Can Vancouver avoid empty neighbourhood ‘death’ with gentle density?
Experts praise mayor’s intention to encourage more infill development in single-family neighbourhoods
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It’s still an outline rather than a fully fleshed-out plan, but housing experts are cautiously optimistic about an updated housing “reset” floated by Vancouver’s mayor in a March 1 speech.
“He said it was important to look at rezoning single-family neighbourhoods, because single-family homes that sell for $5 million are not suitable for young families,” said Tom Davidoff, a professor of economics at the University of British Columbia who specializes in real estate. Davidoff has been a critic of the lower-density single-family zoning in place across much of the city.
“I don’t know how easy the politics will be, but he seemed to be more willing to go there than in the past.”
During the address to the Urban Land Institute, Robertson suggested the city would put more city land on the market; focus on building rental near near transit; allow owners of low-rise apartment buildings to add additional storeys; and encouraging more infill development in single-family neighbourhoods.
Robertson said the city would try to add more supply in a way that won’t result in the rampant speculation that has led to enormous price increases in both residential and commercial real estate.
“The city’s facing this blue screen of death and if it’s not careful they won’t be able to engage this issue of housing for local incomes,” said Andy Yan, director of Simon Fraser University’s City Program, referring to a map he created based on census data showing where Vancouver gained and lost people between 2011 and 2016.
On Yan’s map, several of the very pricy single-family neighbourhoods in Vancouver’s Westside are coloured blue, meaning they lost hundreds of residents between 2011 and 2016. In his speech, Robertson warned the emptying neighbourhoods are the sign of a “failing city.”
Yan also praised Robertson’s focus on renters, who make up over 50 per cent of Vancouver residents.
Robertson said that single-family neighbourhoods can be densified in a way that doesn’t compromise their current character, with infill such as duplexes, townhouses and laneway homes. He emphasized that this can be done without assembling land, where developers buy several lots on a street in order to build multi-family housing.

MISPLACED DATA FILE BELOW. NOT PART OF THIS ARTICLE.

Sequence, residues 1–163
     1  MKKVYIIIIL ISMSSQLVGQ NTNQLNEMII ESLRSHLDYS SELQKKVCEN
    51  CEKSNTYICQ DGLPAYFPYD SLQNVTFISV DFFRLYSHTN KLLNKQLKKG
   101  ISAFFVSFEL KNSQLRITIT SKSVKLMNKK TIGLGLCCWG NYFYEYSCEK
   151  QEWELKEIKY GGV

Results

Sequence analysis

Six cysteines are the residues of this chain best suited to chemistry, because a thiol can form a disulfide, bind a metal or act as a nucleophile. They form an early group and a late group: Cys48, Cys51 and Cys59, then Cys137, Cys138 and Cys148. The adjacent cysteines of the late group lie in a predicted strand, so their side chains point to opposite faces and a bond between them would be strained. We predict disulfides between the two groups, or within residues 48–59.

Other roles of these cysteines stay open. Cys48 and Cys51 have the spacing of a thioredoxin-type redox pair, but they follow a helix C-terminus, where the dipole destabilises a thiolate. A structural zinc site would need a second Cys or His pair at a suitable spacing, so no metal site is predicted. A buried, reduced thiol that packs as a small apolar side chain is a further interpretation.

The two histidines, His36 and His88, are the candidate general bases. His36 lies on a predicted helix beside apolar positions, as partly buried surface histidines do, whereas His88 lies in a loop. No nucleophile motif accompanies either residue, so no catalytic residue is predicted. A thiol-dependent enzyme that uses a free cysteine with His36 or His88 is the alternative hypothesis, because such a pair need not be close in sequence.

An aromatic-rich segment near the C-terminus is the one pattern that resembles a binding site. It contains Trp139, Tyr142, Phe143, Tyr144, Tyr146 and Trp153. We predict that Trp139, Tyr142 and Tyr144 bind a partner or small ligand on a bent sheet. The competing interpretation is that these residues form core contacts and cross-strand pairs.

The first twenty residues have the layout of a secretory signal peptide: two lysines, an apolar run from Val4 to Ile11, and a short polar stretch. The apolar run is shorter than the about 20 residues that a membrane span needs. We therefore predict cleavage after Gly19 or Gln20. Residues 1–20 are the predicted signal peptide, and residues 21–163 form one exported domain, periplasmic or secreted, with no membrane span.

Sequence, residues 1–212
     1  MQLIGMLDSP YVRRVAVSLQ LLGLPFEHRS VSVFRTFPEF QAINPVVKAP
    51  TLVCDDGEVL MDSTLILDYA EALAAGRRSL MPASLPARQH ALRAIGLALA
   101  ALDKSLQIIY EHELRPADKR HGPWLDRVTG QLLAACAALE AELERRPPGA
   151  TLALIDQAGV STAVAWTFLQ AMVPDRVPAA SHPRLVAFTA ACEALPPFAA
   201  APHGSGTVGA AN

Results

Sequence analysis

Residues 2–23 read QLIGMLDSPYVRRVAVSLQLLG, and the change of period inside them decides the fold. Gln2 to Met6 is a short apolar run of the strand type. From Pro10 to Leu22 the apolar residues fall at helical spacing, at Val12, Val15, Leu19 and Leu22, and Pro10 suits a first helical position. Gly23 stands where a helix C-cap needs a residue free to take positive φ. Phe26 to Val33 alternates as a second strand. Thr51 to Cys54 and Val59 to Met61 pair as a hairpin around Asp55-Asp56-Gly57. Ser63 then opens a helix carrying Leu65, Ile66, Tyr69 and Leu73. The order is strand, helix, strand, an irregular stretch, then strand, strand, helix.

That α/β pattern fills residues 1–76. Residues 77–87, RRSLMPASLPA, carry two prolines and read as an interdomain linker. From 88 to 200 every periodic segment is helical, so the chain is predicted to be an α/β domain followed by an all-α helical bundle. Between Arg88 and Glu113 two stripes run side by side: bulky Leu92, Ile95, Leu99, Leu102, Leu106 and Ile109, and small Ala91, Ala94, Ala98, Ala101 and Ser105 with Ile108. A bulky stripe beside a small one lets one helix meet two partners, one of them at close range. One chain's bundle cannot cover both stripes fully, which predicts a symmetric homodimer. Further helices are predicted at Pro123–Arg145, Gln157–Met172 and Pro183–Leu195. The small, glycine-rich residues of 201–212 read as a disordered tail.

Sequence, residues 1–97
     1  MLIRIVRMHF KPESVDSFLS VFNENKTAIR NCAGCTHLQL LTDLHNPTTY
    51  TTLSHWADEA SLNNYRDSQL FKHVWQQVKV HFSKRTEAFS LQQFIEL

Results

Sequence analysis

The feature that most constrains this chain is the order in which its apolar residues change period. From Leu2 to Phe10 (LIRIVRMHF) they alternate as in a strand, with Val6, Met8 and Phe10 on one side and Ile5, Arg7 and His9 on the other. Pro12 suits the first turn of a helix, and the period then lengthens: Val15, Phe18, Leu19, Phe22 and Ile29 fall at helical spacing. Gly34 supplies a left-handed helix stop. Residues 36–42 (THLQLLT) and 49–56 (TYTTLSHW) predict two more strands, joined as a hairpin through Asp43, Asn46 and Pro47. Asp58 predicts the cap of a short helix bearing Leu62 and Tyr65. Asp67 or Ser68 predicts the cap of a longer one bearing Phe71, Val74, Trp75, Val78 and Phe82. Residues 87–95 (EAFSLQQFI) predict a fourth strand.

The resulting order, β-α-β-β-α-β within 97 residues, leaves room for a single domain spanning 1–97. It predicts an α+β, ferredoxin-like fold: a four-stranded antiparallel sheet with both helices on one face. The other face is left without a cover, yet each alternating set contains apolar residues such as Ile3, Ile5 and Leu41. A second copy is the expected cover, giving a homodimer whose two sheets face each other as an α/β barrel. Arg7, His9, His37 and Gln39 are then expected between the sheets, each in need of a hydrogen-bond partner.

Davidoff said land assembly can be effective, because “within four or five years you can get a lot built. I don’t think that’s something they should be worrying about, but I think they like infill as a way to keep it both at density and keep neighbourhoods feeling low-scale.”
Of the proposal to add storeys to older low-rise apartment buildings, David Hutniak, CEO of the Landlord BC, said the city would have to develop a “template” that would give property owners certainty that projects would be approved and the process would be relatively straightforward.
“Today the challenge is initially the zoning and then, if an owner gets to proceed, an endless stream of new and shifting requirements that cause delays and significant additional cost.”
Adding an additional storeys to a three-storey walkup, as the mayor suggests, would displace tenants — but, Hutniak said, the life of the renovated building would be extended 60 to 70 years.
When it comes to single family neighbourhoods which have traditionally opposed denser development, Yan emphasized that density shouldn’t be imposed from the “top down.”
“Planning and engagement in Vancouver needs to move away from being the sell job to the teaching moment,” he said.